A review article The microbiome and atopic eczema: More than skin deep notes that the gut microbiome plays a significant role in the manifestation of atopic eczema. So therefore positively manipulating the microbiome as suggested in the article Supporting a Healthy Microbiome for the Primary Prevention of Eczema can be a primary treatment for eczema.

And rosacea, long known to be triggered by the gut microbe H.pylori has now been also linked to small intestinal bacterial overgrowth in several journal articles.

Common Skin Conditions Linked to Gut Health

Young Female with Acne Vulgaris
There is a complex interaction between the gut microbiome and the skin which, if dysfunctional, can lead to a range of skin conditions. Here are the most common skin problems that have been directly linked to gut health.


Acne is triggered by the gut through several mechanisms. The first is what’s called dysbiosis. Dysbiosis, to put it simply, is when ‘bad’ gut bacteria have more influence than ‘good’ gut bacteria. The bad gut bacteria produce toxic chemicals that damage the gut barrier and activate inflammation (leaky gut syndrome). This inflammation exacerbates acne.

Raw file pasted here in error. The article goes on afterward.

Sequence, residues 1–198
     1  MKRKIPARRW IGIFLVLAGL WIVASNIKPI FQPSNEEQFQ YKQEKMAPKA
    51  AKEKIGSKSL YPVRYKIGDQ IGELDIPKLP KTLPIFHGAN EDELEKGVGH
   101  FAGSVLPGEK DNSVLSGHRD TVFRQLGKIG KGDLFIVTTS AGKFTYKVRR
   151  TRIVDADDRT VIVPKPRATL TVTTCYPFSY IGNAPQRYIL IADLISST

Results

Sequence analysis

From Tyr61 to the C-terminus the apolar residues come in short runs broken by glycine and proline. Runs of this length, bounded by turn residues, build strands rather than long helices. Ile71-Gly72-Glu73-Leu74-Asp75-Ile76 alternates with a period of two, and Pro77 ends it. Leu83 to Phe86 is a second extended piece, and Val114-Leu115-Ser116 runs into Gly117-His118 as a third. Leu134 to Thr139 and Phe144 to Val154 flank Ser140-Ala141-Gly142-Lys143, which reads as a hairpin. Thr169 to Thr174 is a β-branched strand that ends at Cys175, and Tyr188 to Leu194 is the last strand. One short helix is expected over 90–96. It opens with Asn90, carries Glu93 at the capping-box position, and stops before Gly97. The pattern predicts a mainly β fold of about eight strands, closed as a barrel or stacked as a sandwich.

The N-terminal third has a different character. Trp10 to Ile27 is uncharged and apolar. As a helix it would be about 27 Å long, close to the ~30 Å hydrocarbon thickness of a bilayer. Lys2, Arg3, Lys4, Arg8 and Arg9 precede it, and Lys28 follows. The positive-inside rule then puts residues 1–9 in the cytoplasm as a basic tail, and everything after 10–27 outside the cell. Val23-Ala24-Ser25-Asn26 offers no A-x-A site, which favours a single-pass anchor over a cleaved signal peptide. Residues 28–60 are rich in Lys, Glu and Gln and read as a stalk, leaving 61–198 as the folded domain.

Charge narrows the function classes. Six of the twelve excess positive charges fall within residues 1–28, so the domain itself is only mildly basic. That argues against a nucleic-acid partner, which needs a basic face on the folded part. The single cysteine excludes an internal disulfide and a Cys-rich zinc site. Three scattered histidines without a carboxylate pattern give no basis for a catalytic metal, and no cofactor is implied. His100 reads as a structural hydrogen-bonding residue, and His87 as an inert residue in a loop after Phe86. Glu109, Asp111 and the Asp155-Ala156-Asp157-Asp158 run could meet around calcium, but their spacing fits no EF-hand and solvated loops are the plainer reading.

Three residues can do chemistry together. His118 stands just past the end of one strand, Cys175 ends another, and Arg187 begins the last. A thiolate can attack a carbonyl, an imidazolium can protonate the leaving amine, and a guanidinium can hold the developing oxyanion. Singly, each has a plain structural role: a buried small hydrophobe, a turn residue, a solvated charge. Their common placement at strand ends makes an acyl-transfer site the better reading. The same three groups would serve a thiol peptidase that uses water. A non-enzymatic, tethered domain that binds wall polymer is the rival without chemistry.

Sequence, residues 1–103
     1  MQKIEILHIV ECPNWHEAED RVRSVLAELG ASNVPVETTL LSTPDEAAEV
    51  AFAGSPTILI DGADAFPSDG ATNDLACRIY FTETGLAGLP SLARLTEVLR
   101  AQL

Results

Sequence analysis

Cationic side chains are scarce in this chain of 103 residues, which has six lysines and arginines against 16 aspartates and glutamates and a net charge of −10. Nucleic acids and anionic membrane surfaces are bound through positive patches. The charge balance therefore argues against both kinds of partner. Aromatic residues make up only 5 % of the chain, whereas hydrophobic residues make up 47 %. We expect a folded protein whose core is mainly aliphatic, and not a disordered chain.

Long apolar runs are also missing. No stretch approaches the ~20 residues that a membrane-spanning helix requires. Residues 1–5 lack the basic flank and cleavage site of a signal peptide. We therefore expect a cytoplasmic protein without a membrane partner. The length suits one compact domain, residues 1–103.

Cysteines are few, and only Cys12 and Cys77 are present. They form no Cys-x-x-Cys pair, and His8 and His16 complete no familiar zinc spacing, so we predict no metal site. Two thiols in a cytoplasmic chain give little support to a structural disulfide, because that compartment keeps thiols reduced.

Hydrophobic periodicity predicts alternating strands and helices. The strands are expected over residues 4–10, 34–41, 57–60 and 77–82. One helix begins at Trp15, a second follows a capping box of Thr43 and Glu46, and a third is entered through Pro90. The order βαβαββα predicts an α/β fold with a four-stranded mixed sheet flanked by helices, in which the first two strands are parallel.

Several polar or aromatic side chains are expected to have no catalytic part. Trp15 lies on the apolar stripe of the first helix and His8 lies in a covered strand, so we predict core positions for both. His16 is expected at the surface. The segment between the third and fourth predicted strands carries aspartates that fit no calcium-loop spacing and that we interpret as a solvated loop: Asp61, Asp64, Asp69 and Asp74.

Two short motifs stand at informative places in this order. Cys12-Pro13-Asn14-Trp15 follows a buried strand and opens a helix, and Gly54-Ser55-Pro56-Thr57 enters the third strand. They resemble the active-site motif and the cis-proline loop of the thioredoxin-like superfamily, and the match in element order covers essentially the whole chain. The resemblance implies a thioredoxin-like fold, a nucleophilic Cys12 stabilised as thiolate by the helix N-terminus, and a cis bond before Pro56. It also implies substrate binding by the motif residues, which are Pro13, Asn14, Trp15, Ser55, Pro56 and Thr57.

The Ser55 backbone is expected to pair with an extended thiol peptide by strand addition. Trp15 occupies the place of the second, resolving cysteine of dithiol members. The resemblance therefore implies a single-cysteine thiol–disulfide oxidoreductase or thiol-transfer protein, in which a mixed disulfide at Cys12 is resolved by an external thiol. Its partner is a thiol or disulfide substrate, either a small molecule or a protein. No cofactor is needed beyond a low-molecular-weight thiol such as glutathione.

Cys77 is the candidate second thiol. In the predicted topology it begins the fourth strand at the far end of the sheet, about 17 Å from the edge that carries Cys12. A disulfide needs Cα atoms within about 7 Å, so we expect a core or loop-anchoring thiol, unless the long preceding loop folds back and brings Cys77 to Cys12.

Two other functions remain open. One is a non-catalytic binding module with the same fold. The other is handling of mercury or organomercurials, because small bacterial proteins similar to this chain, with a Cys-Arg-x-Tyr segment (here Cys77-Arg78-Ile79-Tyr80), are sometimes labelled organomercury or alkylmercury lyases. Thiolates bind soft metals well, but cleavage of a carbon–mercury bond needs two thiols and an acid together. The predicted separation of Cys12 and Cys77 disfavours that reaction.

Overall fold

The second way gut health affects acne is that specific strains of gut bacteria influence the regulation of hormones such as testosterone and insulin. If gut bacteria enhance the production of insulin and testosterone, then it will trigger or worsen acne.


Eczema is strongly associated with disturbances in the gut microbiome’s composition, particularly during infancy. Studies have shown that children with less diverse gut microbiomes or overgrowth of specific bacteria such as Staph.aureus (Golden Staph) are more prone to eczema.

Gut microbial imbalances are thought to disrupt immune system development, resulting in a heightened inflammatory response that manifests as eczema.


Dermatitis covers a broad range of skin issues, including eczema, which is a specific type of atopic dermatitis. It includes most itchy, dry, red and blistering skin conditions. Just as with eczema, rosacea and acne, dermatitis is triggered by poor gut health and imbalances in gut microorganisms.